By this time, the institutionalization of this renaissance had begun in earnest, as scattered groups of committed artists organized themselves around poster production as a primary, ongoing activity. The modes of their effort were characteristic of America and of their movement; this and the ups-and-downs of their efforts deserve separate discussion. But by 1981, in the San Francisco Bay Area alone there were a dozen active poster-producing groups, most over five years old, responsible for some hundreds of posters yearly and, in the Mission District of San Francisco at least, for training a generation of (Hispanic-American) artists in community service. Though no well-organized networks of communication or distribution serve such activity nationally, I know of similar groups in four other California locales and in six other states. Of the California groups, only three may have pursued national distribution; almost all mainly serve the local community, which suggests that the present national roster of such groups may well be nearer to 100 than to the 32 I've identified so far. (10)
State Sponsorship and Independence
This social evolution has proceeded so gradually and naturally that its audience, and most of its artists, are unaware of what a curious and unique phenomenon it has comprised. With the exception of the French student revolt, narrow in focus and transitory, every other notable modern chapter of political poster history been sponsored and supported by a national government. The vast productions of Chinese and Cuban work, the peak achievements of the Spanish Civil War, Mayakovsky's collaboration in 300 agitprop posters for the October Revolution -- all owed their existence to the State, and were shaped to serve the State's purposes, however much they also reflected a popular will. We must reach back to the posted rebellious broadsides of the American Civil War period and to the first flowering of political lithography in the French Revolution to discover the poster as a direct popular expression unmediated by the State -- but these earliest chapters seem not to have included any mass activities or ongoing organizations analogous to those in the modern American scene.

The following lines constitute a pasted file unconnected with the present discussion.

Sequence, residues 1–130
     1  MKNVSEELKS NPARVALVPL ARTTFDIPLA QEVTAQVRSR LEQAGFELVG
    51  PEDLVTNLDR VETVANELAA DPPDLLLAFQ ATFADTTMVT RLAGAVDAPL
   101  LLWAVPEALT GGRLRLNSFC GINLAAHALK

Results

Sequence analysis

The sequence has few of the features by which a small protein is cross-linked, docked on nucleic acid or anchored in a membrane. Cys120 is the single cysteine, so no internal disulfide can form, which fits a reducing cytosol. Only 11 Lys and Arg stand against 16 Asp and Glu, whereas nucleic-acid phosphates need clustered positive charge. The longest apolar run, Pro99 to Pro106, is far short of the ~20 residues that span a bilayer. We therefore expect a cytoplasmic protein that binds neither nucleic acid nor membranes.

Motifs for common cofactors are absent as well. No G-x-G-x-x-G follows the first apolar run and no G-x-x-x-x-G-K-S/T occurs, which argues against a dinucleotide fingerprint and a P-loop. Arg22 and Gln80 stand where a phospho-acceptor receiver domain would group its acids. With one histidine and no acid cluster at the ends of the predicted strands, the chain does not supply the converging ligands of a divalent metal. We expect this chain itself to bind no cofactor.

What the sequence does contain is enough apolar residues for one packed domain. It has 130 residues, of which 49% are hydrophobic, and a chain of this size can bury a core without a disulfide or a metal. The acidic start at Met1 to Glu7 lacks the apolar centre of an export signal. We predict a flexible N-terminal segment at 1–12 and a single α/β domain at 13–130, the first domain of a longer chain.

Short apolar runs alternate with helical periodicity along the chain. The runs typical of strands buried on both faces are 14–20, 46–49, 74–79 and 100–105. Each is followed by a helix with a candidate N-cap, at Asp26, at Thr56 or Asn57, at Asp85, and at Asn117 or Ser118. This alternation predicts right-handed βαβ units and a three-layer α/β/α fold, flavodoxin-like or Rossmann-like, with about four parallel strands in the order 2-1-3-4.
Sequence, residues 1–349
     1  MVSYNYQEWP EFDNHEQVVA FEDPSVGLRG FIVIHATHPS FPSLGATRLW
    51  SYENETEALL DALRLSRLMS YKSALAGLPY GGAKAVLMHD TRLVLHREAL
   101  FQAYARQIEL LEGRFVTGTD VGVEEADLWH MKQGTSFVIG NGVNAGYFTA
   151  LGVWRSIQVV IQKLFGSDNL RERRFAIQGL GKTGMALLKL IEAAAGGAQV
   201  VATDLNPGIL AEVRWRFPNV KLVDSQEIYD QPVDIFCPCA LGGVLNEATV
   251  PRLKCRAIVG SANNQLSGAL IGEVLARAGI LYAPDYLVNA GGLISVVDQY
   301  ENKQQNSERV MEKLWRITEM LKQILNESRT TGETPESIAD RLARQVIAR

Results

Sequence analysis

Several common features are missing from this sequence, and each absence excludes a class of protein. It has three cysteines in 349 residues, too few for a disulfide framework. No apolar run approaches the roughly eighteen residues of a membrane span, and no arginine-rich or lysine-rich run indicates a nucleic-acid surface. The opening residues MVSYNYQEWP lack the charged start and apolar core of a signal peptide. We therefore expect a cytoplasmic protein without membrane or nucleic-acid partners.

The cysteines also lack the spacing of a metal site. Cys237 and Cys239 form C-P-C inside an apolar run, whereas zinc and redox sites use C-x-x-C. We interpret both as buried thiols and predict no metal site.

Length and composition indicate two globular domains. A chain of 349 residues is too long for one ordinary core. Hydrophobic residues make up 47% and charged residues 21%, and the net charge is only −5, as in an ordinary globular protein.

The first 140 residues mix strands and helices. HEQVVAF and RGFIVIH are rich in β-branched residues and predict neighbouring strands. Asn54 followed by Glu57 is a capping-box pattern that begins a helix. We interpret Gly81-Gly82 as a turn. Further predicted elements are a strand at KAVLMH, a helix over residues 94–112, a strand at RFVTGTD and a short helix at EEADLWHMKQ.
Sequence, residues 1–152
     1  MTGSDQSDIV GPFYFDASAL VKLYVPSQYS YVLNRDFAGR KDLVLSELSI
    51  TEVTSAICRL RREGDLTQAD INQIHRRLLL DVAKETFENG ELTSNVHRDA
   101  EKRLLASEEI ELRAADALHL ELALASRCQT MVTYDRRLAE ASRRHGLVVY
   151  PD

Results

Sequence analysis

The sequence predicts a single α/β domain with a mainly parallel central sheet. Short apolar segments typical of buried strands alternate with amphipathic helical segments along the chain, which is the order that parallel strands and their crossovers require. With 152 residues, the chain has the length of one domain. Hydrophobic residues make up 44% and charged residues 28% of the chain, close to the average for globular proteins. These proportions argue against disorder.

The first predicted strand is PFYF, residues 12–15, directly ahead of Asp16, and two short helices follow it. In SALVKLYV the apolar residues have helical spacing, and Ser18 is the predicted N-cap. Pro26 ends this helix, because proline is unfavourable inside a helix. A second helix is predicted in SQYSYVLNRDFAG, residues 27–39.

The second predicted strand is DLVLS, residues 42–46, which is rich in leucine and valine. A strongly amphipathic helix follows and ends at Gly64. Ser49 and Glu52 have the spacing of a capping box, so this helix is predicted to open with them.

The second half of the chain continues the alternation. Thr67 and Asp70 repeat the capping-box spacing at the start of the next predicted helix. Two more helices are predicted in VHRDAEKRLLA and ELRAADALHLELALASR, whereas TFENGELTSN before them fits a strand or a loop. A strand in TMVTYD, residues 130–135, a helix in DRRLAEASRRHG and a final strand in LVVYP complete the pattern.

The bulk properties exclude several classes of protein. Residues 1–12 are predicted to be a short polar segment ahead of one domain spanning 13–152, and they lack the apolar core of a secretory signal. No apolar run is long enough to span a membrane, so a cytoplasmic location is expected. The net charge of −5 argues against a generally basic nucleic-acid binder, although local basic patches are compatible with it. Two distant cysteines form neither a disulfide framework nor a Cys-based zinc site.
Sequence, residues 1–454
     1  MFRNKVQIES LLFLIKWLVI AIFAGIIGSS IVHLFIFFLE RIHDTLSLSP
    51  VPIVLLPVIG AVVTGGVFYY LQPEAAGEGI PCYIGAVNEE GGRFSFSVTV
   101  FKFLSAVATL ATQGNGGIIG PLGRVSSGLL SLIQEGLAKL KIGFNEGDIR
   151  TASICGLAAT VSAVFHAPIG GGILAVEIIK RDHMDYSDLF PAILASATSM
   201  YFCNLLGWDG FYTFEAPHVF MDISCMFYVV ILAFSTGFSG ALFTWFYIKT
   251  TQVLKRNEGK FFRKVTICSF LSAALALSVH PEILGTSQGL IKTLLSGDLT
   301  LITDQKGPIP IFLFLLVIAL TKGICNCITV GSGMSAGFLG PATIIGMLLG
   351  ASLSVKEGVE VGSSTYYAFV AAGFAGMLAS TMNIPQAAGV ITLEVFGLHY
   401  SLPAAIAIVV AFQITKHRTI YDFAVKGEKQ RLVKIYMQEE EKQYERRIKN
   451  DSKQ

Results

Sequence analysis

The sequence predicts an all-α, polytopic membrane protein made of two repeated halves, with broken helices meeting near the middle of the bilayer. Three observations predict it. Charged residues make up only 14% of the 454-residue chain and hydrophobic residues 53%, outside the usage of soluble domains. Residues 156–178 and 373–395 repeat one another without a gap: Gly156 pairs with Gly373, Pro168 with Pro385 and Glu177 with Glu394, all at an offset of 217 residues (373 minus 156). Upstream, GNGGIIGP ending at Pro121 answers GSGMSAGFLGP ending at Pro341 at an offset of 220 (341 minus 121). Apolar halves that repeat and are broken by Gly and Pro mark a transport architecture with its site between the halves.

The American renaissance, on the other hand, has organized itself not only without the support of national or local government, nor simply in independence, but often and generally as an active agency of opposition to governmental policies and textures -- though not to the political system enabling this freedom of opposition. This freedom exists also in other Western industrial democracies; and analogous contemporary developments of poster activity have occurred also in at least Great Britain, Germany and Italy, producing notable work but so far no story to rival the American chapter in scope and complexity. Still, it is proper to understand this as the leading face of an international chapter.
Bereft of governmental support and constraint, the American political poster movement has organized itself in a positive anarchy. Some sectors of production have been subsidized as policy by national groups, e.g. the SWP (a would-be State), but these do not bulk large. Most production still arises on a spontaneous and completely decentralized basis, from a great variety of independent ongoing and ad-hoc community groups pursuing their particular needs and purposes, without much inter-relation or coordination. Even the most developed production has this ecumenical and responsive character: of the dozen ongoing workshops in the Bay Area, only two or three direct their work largely to a particular (ethnic) constituency, and none to a narrow theme or political tendency.